Controlling voltage and current

Discussion in 'General Electronics Chat' started by Mad Professor, Apr 10, 2012.

  1. Mad Professor

    Thread Starter Active Member

    Apr 15, 2009
    Good day all.

    I have an upcoming project where I would like to revamp my old analog 0-20volt 10amp bench power supply.

    I am looking to use a PicAxe or Arduino microcontroller to set and control the voltage & current.

    I do not yet have any designs on paper yet, as I what to know what is involved 1st.

    I know that voltage can be controled very easy via PWM, but I have never done current control.

    I have read that current control can also be controled via PWM, but I can't quite get my head round how to control bolt the voltage and current on the same output via pwm.

    Can someone please advice.

    Thanks for your time.

    Best Regards.
  2. evilclem


    Dec 20, 2011
    You constantly monitor both current and voltage. You control only one at a time. Maintain constant voltage until the set current limit is reached. When the set current limit is reached then lower the voltage (PWM duty cycle) to maintain this current. That is how most bench top power supplies work.
  3. crutschow


    Mar 14, 2008
    Note that unless you use voltage feedback from the output, the output voltage using PWM will not be regulated and thus will vary will the load you apply to the supply. And if you do use voltage feedback you will need to compensate the feedback loop for the resonant circuit caused by the output inductor and filter capacitor to avoid oscillations in the output voltage.
  4. steveb

    Senior Member

    Jul 3, 2008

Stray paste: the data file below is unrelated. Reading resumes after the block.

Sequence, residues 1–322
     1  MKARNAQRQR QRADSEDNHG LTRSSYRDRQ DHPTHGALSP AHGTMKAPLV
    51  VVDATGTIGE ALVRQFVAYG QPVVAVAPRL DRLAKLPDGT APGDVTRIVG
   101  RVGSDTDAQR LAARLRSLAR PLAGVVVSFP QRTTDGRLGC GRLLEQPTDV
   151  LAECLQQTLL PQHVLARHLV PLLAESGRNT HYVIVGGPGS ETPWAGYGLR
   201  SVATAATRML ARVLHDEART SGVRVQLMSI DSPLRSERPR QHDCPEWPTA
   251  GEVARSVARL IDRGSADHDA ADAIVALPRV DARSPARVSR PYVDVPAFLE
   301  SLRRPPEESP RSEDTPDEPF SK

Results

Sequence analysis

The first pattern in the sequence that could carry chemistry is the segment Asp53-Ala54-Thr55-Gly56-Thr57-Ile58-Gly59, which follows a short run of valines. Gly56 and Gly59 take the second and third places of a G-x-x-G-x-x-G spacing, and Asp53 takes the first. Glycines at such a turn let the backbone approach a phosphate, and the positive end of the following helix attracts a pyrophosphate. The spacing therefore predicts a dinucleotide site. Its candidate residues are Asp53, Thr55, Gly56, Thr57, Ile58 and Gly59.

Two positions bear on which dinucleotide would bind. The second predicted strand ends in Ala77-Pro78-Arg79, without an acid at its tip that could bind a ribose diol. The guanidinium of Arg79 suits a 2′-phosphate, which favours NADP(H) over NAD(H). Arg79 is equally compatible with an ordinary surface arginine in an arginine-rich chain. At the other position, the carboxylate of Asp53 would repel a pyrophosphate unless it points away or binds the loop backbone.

There are a few ways to approach this, but one way is to use a primary voltage control feedback and then implement a current limiting feedback by creating a voltage limiter on the output of the voltage control loop. The current is monitored and a one-direction feedback loop is implemented to bring down a voltage limit for the voltage control loop. If the current limiting loop is tuned properly, it will cap the max voltage output on the voltage controller and regulate the current. This method can work for analog control (opamps) or digital control (microprocessor) on the feedback, and also for analog control (linear driver) or digital switching (PWM driver) on the transistor control.

    This is the kind of thing that you see on most voltage controlled power supplies. Typically, current control is implemented by setting the current limit, and then setting a voltage that is above what is needed to achieve that current. Given that the application is a power supply, I suspect this is the preferred approach.
  5. Mad Professor

    Thread Starter Active Member

    Apr 15, 2009
    Thanks for your replies.

    You have given me a fair bit to think about.

    And to tell the truth I might even be in over my head on this one.

    What sort of hardware would I be needing.

    If it still turns out to be over my head, I will just have to go for voltage control only.

    Thanks again for your time.
  6. eblc1388

    Senior Member

    Nov 28, 2008
    Another often used approach is to forcefully reduce the drive signal to the main regulating element(transistor) once the current limit has been reached. This has the effect of reducing the output voltage.

    However, as the output voltage is now reduced, the voltage control loop would inevitably provide more drive to the main regulating element in order to raise the output voltage to the set point level.

    The main issue is to make sure that the current limit loop output has more "strength" in lowering the drive signal than the voltage control loop to raise it.